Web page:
Handing off the keys
As a business owner, it may not always be easy to distance yourself from the everyday projects, tasks, and busy work, especially if they were once a major part of your daily routine. Even so, any leader assumes the responsibility to be a reliable long-term planner and strategist.
Once a business grows to a considerable size, it’s time to consider dividing its operations into departments, delegating responsibility and leadership roles to your more motivated and reliable employees.
Train your key players
If you can’t guarantee that your business will remain in your family after you retire or leave, it is critical to document the specific operations of your business. Most importantly, your head management should be trained to perform their responsibilities independently, as well as inherit many of your tasks in the instance of your absence.
“Your job is to train people to do parts of your job, so you eventually work your way out of a job,” says Lynn Schurman, owner of Cold Spring Bakery in Cold Spring, MN.
If your business has grown considerably, developing departments and department heads is a step in the right direction. Distributing responsibility among a number of your most reliable employees can offer a sense of ownership, but most importantly helps maintain a self-sustaining operation. Distributing responsibilities to your managers not only simplifies your job, but is also a long-term strategy. These managers are being trained as major pillars to the foundation of your business and its successful operation.
Ideally, as an owner or head manager, you need to prepare your business for someone else to either purchase or inherit, so that they can maintain and improve its profitability.
“We are currently training managing partners in the case that we open a second location. We have them taking business courses, classes, and attending seminars by RBA,.” says Beth Fahey, owner of Creative Cakes in Chicago, IL.
Primarily, Fahey says they are training and investing in the managing partners to adopt major responsibilities as the business grows and to ensure the continued long-term success of the bakery in the case that the bakery does not continue with family members.
Build your manual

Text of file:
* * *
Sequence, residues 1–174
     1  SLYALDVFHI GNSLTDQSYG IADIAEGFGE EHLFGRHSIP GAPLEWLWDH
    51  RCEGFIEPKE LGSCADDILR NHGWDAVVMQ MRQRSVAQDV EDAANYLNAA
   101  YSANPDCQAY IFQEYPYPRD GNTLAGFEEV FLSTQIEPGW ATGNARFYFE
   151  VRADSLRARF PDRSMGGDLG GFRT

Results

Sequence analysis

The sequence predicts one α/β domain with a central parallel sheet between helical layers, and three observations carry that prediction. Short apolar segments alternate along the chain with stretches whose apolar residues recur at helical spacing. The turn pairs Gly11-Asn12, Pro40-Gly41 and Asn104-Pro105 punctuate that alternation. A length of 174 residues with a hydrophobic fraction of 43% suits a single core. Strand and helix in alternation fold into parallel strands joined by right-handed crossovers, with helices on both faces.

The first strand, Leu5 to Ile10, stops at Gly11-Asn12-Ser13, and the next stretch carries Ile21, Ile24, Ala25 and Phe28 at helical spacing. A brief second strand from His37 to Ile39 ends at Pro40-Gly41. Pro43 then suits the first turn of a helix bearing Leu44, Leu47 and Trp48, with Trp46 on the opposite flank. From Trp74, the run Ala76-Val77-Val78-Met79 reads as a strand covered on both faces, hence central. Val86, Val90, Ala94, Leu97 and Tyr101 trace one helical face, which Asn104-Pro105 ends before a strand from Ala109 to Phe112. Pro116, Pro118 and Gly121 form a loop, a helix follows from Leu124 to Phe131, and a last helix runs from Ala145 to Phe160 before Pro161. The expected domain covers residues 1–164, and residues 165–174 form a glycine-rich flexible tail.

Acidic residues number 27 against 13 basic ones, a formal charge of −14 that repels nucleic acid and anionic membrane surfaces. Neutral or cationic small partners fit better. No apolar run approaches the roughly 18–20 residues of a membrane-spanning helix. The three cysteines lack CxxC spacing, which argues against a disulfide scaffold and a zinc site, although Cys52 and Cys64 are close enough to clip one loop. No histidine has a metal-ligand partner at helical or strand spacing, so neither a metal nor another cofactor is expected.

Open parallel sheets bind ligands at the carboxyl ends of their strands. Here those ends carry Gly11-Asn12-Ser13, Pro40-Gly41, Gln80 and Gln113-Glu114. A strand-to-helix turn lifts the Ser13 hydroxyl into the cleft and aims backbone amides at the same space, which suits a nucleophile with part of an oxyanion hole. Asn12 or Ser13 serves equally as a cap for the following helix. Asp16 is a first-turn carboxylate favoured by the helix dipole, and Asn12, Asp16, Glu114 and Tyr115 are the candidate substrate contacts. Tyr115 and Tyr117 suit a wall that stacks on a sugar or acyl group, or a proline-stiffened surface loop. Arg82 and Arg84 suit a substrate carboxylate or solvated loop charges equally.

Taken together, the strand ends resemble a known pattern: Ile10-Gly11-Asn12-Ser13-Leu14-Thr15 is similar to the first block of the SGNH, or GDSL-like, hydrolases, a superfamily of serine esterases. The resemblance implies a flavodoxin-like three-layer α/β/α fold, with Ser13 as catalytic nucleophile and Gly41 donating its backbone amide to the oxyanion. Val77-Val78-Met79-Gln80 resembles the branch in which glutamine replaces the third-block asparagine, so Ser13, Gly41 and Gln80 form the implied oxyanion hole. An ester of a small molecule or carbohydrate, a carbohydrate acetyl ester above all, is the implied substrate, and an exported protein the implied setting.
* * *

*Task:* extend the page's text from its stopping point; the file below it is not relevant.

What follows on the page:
Schurman says some of the most important details you need to track about your company are who your typical customers, your market area, your specialty or product category, and of your closely documented financial reports.
Well-tracked financial records play a key role in seamlessly selling your business or handing it down to another member of your family. With this information, success and failure can very accurately be defined from an untrained eye. Having these stats not only sets the standard, but removes a tremendous amount of guesswork.
In addition, there is value in creating an official outline of the bakery’s departments and the responsibilities associated with each role in the department. This document can help illustrate the distribution of accountability within the business and improve the coordination and communication between departments.
In addition to issues related to management, the consistency of your bakery’s product is possibly the most important element. File away detailed descriptions, recipes and formulas of every regular item or specialty, so that it may be referenced by new hired staff or owners. In fact, Fahey plans to create video documentation of all of her bakery’s recipes to ensure the integrity of the original products.
Step away from the action
If you want to pursue any of these tasks, you need to be able to step away from your business and carefully evaluate how it operates and why it functions in that manner. While it may occasionally be necessary, it is ideal to avoid wasting your time in the decorating room or behind the register.
“I have to be able to turn over the day-to-day stuff. I need to be able to leave that to my managers so I can focus on how to increase the profitability of the company long range,” Schurman says. “If I’m busy with orders or production schedules, I can’t be focused on creating a business plan.”
It might be difficult to determine the appropriate time to distance yourself from the small day-to-day tasks at your bakery and focus on the bigger picture. But as a company grows, the roles of its owner, as well as its employees, should adapt.
“Generally, what I’ve seen is when people hit 10 years, they hit critical mass. You know you need to step away and look at your business, yet you can’t afford someone to replace you decorating or whatever got you in the business in the first place,” Fahey says. “As soon as we made the conscious decision to step away from the decorating table, our business became much more profitable.”
Being able to free your schedule to assess concerns such as the finances of your company, the managerial structure, or key demographics is critical to eventually being able to illustrate the DNA of your business to a potential buyer.